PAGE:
A television station in Las Vegas was slammed with a $115,000 fine and three years of probation activities for airing “special reports” purporting to be news but which were actually commercials for a local car dealer. FCC Enforcement Bureau Chief Travis LeBlanc warns, “Broadcasters are not allowed to deceive the public by presenting commercial announcements or other paid programming in the guise of news or editorial comment. Transparency is especially crucial in a situation like this one, where a pseudo-news report invites viewers to rely on their perception of the station’s independence and objectivity when, in fact, the message has been bought and paid for by an undisclosed third party.”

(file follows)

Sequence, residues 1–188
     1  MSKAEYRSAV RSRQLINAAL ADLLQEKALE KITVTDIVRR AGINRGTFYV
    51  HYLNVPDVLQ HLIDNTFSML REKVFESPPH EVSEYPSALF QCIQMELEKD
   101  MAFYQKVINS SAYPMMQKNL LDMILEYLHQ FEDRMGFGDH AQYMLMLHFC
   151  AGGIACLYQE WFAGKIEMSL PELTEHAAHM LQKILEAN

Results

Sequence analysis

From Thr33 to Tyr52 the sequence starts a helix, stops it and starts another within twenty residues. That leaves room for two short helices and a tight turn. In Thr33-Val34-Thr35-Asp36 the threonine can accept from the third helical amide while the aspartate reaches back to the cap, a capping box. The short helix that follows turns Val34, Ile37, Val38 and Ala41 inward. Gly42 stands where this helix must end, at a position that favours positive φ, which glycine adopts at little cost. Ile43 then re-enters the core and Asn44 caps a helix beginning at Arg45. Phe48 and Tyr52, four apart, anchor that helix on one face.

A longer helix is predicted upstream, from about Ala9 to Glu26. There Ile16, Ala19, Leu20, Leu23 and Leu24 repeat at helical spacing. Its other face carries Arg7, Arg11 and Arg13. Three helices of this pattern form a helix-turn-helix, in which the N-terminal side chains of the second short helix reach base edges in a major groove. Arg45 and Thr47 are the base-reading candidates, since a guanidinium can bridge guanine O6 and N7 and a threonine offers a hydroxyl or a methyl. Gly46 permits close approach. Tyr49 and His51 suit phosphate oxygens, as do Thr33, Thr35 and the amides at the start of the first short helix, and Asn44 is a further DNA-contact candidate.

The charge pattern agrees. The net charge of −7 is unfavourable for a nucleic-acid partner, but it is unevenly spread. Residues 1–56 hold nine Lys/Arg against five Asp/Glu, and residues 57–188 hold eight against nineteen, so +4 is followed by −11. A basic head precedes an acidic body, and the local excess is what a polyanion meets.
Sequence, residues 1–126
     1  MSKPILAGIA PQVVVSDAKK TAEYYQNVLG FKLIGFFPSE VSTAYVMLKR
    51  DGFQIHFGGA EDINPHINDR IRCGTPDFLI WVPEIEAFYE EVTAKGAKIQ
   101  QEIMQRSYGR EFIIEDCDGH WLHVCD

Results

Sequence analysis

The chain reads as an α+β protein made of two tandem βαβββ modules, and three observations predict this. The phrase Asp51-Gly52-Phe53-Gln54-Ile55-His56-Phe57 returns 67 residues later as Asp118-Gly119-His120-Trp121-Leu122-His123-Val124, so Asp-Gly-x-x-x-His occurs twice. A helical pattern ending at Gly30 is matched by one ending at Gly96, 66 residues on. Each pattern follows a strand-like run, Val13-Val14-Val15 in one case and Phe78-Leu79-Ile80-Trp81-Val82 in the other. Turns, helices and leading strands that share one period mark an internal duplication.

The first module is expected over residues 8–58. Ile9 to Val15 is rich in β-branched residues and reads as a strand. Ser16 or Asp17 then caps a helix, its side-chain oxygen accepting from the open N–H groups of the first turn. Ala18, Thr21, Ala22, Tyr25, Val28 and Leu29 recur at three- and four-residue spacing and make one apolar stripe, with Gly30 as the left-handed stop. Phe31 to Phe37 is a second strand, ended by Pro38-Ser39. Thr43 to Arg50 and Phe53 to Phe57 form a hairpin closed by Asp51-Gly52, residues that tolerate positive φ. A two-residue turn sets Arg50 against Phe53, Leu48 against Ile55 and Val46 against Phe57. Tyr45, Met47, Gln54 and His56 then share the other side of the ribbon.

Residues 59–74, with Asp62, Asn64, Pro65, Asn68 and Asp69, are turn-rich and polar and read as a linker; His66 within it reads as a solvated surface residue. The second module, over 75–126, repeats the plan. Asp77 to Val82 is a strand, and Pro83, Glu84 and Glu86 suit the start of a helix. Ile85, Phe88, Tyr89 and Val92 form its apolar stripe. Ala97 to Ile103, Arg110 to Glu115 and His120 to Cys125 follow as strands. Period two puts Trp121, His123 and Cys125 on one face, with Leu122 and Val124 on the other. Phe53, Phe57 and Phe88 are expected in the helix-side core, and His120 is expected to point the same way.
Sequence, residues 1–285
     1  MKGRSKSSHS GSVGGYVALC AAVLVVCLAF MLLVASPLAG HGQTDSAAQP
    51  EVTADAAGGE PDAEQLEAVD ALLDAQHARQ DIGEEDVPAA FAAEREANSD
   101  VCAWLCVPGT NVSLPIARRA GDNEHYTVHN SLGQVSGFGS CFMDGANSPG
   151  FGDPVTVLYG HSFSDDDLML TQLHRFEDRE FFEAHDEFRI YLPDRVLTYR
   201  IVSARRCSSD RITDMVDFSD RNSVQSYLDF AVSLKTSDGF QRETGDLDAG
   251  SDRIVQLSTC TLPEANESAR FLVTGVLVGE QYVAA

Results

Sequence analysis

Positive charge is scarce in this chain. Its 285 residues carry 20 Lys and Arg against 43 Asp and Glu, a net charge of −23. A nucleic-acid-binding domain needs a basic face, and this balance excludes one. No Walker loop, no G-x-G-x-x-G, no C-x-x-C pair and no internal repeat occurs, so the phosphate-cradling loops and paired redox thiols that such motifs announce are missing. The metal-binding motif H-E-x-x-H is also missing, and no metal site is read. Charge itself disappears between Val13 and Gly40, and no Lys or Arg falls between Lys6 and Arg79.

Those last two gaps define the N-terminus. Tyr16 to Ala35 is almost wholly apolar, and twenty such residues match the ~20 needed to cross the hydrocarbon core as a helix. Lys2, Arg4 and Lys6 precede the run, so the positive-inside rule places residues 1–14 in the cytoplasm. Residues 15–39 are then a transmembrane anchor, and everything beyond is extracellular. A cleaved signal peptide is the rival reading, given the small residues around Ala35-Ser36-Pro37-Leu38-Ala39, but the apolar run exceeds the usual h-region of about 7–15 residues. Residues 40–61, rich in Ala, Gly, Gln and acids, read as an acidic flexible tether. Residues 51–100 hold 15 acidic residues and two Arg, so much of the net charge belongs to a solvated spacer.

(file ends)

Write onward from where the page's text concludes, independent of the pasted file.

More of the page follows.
Editor’s $0.02: So lax have we become in our observance of this rule that I hear many such ads on local radio stations throughout the country. (Another big no-no, largely disregarded: the use of sirens and other motoring warning signals in radio ads.) We may not have a long memory, but the FCC does.